Purpose: To provide a critical review of Bergman’s 2001 study on the deep web. In addition, we bring a new concept into the discussion, the academic invisible web (AIW). We define the academic invisible web as consisting of all databases and collections relevant to academia but not searchable by the general-purpose internet search engines. Indexing this part of the invisible web is central to scientific search engines. We provide an overview of approaches followed thus far.
Design/methodology/approach: Discussion of measures and calculations, estimation based on informetric laws. Literature reviews on approaches for uncovering information from the invisible web.
Findings: Bergman’s size estimate of the invisible web is highly questionable. We demonstrate some major errors in the conceptual design of the Bergman paper. A new (raw) size estimate is given.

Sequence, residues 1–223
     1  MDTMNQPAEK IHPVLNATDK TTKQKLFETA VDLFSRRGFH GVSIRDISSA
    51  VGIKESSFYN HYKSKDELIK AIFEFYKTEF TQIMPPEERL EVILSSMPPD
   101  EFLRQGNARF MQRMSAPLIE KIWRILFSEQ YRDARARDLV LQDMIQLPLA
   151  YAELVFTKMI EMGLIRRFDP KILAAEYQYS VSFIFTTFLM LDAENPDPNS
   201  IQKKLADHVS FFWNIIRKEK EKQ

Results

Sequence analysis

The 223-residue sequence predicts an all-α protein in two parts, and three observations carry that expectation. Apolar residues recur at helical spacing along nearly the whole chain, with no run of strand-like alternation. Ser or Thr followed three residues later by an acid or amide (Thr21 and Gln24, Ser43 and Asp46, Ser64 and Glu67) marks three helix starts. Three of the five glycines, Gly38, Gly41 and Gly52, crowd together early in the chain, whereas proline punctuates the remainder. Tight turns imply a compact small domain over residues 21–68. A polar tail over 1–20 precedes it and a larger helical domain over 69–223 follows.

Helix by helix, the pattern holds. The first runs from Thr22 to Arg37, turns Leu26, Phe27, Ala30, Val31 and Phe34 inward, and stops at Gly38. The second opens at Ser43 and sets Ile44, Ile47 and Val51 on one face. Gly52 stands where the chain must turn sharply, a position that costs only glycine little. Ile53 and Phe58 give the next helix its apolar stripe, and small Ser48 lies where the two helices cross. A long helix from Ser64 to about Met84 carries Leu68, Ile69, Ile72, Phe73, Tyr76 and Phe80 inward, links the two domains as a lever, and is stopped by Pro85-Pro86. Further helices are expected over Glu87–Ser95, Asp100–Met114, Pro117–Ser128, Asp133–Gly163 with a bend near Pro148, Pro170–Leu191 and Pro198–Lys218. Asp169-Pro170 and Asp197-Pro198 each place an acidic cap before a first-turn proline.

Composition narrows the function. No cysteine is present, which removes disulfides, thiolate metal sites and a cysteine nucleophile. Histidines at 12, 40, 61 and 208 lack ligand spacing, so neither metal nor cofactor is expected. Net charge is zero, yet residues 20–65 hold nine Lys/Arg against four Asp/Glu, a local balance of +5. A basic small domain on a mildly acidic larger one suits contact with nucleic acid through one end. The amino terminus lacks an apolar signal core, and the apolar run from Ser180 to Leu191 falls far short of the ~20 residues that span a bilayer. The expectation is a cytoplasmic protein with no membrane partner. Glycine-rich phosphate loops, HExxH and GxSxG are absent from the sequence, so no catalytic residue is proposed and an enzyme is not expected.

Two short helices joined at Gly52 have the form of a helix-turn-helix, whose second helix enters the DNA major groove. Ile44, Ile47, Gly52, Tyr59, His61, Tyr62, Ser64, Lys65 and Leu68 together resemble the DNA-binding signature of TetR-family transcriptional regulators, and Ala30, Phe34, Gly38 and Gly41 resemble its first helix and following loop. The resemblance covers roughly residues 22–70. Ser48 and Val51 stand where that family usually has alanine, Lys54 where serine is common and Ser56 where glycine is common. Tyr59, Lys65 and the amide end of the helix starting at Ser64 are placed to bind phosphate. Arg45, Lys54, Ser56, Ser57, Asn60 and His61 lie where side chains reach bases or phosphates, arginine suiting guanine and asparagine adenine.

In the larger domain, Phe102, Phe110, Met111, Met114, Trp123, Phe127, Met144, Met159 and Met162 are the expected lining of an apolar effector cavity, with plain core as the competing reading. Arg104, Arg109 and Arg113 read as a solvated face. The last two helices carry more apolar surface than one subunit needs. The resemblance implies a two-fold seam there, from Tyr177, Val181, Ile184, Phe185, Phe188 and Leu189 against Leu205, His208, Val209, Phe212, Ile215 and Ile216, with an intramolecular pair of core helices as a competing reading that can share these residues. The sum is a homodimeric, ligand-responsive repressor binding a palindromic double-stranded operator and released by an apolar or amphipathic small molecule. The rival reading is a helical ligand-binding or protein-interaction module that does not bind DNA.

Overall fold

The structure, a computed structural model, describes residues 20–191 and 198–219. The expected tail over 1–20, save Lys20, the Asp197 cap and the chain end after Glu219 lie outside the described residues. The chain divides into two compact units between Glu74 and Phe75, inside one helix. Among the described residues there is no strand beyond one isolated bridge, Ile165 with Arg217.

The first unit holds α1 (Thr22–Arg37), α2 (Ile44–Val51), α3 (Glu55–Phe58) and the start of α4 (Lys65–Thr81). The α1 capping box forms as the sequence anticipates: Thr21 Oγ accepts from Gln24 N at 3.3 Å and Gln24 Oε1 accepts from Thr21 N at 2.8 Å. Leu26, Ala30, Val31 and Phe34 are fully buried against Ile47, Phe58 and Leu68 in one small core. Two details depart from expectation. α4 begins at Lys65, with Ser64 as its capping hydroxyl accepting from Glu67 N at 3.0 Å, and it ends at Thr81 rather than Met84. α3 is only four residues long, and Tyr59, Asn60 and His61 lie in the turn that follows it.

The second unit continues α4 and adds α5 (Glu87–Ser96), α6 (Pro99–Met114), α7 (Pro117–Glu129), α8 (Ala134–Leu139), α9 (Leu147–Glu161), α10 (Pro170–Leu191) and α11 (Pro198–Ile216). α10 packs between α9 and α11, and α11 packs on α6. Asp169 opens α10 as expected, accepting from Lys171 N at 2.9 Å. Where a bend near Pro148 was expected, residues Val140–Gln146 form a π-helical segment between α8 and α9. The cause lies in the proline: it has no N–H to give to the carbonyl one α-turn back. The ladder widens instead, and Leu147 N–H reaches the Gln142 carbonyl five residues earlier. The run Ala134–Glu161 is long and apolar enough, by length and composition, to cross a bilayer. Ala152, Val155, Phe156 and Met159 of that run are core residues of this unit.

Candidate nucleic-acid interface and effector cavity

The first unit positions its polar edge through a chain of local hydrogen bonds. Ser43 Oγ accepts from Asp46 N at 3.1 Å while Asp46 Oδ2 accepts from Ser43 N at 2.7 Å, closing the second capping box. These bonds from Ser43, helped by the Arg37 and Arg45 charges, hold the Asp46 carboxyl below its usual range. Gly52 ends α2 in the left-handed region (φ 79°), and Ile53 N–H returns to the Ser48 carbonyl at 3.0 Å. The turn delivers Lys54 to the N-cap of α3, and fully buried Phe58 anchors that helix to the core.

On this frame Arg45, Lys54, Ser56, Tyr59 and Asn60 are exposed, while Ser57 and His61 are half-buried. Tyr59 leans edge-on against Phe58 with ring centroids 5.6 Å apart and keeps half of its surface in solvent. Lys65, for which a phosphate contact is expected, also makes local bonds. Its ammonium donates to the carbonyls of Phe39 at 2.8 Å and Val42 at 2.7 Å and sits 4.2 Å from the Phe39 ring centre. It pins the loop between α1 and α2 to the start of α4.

Research limitations/implications: The precision of our estimate is limited due to a small sample size and lack of reliable data.
Practical implications: We can show that no single library alone will be able to index the academic invisible web. We suggest collaboration accomplish this task.
Originality/value: Provides library managers and those interested in developing academic search engines with data on the size and attributes of the academic invisible web.